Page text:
Tuesday, December 14, 2010

Thinking it over

So, a lot has been going on in the last six week that I've not been blogging. I hit a bit of a wall in terms of self-care, and am slowly starting to take the time that I need to care for myself the way that I need to.

I suppose this is always a bit of a back-and-forth, and it's sometimes difficult to make space for yoga, meditation, art or reading when there are so many projects and people that can absorb my attention. Working non-traditionally, outside of an office routine, can also make setting a regular self-care routine difficult. "I can always practice later," I tell myself as I settle in front of my laptop in the morning, only to find that once it turns 6:00 I'd rather check on Tides or figure out what to cook for dinner.

Putting myself first can seem really selfish, but it's important--I think essential--if I'm going to do the things I want to do. So often, when I'm not in a good place, starting from a foundation of peace, equanimity and serenity, nothing else seems to work well. I find myself short-tempered and focused on people's short-comings, which isn't productive, especially in such a challenging environment. When I do take time for myself--time that seems self-indulgent and lavish, at times--I have compassion and patience, two qualities I think are necessary for good work.

I'll be practicing and would gratefully appreciate suggestions and comments about how you manage self-care in challenging, work-driven settings. How do you do it?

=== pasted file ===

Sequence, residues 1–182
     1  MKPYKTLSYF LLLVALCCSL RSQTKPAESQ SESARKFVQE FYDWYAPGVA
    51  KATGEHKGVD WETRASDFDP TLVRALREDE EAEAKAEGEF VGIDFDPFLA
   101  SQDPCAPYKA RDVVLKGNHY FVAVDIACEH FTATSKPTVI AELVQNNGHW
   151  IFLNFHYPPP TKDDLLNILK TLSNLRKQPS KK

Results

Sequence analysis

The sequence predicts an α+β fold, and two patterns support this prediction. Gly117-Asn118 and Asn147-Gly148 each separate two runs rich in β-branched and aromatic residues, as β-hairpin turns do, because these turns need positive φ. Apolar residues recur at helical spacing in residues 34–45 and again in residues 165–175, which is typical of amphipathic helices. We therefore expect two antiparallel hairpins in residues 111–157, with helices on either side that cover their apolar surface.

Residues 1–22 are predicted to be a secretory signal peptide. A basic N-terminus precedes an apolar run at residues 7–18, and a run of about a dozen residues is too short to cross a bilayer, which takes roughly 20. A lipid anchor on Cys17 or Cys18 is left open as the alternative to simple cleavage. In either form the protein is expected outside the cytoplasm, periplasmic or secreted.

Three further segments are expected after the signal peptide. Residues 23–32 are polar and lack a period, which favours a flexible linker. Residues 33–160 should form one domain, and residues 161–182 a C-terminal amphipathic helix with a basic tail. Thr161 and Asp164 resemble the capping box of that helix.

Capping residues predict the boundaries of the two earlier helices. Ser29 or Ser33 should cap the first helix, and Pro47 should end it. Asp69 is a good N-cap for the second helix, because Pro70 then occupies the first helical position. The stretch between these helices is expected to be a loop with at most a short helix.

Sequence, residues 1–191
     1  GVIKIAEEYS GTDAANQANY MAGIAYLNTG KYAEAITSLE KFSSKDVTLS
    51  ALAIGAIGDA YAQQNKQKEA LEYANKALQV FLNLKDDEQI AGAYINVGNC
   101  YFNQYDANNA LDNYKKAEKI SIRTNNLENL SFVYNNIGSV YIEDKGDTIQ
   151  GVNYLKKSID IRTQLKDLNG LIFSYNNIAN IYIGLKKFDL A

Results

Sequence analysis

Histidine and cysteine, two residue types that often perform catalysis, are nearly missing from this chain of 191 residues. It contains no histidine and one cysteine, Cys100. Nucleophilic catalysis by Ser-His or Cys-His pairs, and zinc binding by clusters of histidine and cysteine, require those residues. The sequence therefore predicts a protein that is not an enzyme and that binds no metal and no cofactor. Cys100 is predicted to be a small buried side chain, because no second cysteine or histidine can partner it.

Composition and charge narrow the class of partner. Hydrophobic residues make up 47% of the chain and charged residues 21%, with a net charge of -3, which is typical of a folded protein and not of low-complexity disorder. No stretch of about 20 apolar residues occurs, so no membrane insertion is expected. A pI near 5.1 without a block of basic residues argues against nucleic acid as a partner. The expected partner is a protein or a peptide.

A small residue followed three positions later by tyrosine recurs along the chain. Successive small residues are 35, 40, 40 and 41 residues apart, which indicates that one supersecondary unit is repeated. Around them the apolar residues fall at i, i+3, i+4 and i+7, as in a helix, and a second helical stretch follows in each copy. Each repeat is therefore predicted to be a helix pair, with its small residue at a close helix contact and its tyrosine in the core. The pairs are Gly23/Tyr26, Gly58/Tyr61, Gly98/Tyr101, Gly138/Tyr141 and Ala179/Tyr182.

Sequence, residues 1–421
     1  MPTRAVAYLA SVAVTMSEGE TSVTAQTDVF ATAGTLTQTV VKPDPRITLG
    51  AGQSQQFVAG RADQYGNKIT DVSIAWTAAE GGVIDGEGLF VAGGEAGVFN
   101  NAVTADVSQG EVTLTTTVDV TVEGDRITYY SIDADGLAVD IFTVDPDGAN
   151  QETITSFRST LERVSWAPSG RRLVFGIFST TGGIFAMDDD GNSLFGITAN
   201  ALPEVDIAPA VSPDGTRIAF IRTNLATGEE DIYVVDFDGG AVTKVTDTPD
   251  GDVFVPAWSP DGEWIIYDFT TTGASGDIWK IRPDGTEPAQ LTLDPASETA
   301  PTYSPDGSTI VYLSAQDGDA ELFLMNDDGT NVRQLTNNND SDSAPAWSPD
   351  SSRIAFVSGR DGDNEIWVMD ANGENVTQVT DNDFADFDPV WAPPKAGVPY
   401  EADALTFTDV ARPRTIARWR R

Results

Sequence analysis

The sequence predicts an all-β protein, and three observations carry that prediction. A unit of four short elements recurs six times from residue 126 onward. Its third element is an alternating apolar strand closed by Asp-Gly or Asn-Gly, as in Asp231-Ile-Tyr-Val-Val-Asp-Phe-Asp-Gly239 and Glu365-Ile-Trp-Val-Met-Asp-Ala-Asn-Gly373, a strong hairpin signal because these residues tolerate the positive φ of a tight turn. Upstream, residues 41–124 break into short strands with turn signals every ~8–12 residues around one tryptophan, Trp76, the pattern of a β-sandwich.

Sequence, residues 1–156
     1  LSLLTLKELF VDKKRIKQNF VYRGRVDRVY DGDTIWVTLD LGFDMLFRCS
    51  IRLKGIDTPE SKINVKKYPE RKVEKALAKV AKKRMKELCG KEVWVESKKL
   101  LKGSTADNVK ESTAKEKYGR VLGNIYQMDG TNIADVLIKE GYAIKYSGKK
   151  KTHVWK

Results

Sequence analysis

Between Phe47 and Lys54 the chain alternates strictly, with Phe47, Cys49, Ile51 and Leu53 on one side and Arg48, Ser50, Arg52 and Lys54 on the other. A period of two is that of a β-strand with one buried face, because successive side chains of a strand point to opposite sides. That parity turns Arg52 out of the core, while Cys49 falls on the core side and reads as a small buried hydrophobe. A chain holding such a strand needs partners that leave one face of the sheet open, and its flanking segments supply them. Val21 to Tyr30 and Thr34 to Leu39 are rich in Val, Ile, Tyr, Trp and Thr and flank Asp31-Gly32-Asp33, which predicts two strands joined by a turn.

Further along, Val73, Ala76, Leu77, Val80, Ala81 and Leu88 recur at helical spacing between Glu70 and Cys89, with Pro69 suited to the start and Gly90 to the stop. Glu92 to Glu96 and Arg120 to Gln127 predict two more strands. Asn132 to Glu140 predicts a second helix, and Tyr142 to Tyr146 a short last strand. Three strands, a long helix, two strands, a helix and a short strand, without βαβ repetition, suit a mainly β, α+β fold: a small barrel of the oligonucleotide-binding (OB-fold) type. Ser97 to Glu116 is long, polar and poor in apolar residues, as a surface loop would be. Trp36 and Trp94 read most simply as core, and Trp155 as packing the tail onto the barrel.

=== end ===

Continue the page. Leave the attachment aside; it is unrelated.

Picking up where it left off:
1 comment:

  1. Elie,

    I know you only through the medium of email but even so have come to appreciate that you are an incredibly motivated and passionate person, someone whom I am immensely inspired by. I don't pretend to be able to understand your circumstances but as the song goes advice is a form of nostalgia so here goes!

    In times of reflection I often remember this:

    Beyond a wholesome discipline be gentle with yourself. You are a child of the universe no less than the trees and the stars...

    You work hard because you are compassionate, but remember, you are only human, living biology that needs rest as well as activity to sustain itself. There is no shame in needing a break, you are doing miraculous things, enriching people and inspiring others, but this shouldn't be at the expense of your own wellbeing.

    Be like the migrating herds, stop often for breaks thus enabling you to travel far!

    Peace, good karma and all that shalome




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